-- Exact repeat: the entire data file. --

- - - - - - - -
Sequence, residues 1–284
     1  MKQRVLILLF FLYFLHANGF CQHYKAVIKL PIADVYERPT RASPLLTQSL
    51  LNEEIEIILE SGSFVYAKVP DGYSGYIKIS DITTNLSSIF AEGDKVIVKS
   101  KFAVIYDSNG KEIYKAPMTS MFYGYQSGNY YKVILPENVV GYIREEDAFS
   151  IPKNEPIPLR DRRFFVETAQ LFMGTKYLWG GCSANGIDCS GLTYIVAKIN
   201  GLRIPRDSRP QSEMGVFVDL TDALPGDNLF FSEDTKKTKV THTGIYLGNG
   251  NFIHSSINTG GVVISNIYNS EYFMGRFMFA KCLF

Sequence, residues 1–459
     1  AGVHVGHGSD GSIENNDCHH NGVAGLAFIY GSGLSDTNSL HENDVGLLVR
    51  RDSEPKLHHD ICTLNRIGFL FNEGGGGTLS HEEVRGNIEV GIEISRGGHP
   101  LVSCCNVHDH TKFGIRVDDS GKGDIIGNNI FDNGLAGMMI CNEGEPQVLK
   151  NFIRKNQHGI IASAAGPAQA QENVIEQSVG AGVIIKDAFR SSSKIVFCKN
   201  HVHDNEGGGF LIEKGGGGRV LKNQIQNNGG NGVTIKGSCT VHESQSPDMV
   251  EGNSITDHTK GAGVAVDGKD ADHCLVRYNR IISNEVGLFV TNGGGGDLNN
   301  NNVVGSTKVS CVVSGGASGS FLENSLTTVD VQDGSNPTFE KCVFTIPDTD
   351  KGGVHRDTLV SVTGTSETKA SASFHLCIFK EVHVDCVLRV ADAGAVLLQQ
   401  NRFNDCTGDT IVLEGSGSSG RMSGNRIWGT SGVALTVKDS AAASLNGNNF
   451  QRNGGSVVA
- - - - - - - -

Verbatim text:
Sequence, residues 1–284
     1  MKQRVLILLF FLYFLHANGF CQHYKAVIKL PIADVYERPT RASPLLTQSL
    51  LNEEIEIILE SGSFVYAKVP DGYSGYIKIS DITTNLSSIF AEGDKVIVKS
   101  KFAVIYDSNG KEIYKAPMTS MFYGYQSGNY YKVILPENVV GYIREEDAFS
   151  IPKNEPIPLR DRRFFVETAQ LFMGTKYLWG GCSANGIDCS GLTYIVAKIN
   201  GLRIPRDSRP QSEMGVFVDL TDALPGDNLF FSEDTKKTKV THTGIYLGNG
   251  NFIHSSINTG GVVISNIYNS EYFMGRFMFA KCLF

Sequence, residues 1–459
     1  AGVHVGHGSD GSIENNDCHH NGVAGLAFIY GSGLSDTNSL HENDVGLLVR
    51  RDSEPKLHHD ICTLNRIGFL FNEGGGGTLS HEEVRGNIEV GIEISRGGHP
   101  LVSCCNVHDH TKFGIRVDDS GKGDIIGNNI FDNGLAGMMI CNEGEPQVLK
   151  NFIRKNQHGI IASAAGPAQA QENVIEQSVG AGVIIKDAFR SSSKIVFCKN
   201  HVHDNEGGGF LIEKGGGGRV LKNQIQNNGG NGVTIKGSCT VHESQSPDMV
   251  EGNSITDHTK GAGVAVDGKD ADHCLVRYNR IISNEVGLFV TNGGGGDLNN
   301  NNVVGSTKVS CVVSGGASGS FLENSLTTVD VQDGSNPTFE KCVFTIPDTD
   351  KGGVHRDTLV SVTGTSETKA SASFHLCIFK EVHVDCVLRV ADAGAVLLQQ
   401  NRFNDCTGDT IVLEGSGSSG RMSGNRIWGT SGVALTVKDS AAASLNGNNF
   451  QRNGGSVVA